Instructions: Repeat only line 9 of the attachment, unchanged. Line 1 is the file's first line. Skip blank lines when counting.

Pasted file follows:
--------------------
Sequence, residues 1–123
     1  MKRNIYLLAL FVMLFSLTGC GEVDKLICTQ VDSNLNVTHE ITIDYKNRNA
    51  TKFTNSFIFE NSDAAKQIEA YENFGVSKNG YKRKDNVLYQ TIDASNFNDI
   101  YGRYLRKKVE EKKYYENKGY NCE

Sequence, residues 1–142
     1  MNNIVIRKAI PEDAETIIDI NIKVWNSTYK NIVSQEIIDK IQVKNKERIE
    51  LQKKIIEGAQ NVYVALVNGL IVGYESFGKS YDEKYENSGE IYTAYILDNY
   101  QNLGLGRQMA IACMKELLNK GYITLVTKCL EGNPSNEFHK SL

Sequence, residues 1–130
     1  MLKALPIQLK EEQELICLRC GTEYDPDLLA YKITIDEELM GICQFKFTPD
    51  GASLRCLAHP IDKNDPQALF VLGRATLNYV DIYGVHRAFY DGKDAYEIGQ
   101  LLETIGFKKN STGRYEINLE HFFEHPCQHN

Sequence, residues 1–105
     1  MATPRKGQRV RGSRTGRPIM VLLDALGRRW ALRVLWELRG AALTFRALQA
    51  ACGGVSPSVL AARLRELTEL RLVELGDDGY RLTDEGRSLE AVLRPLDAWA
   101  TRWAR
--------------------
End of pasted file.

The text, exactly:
Sequence, residues 1–130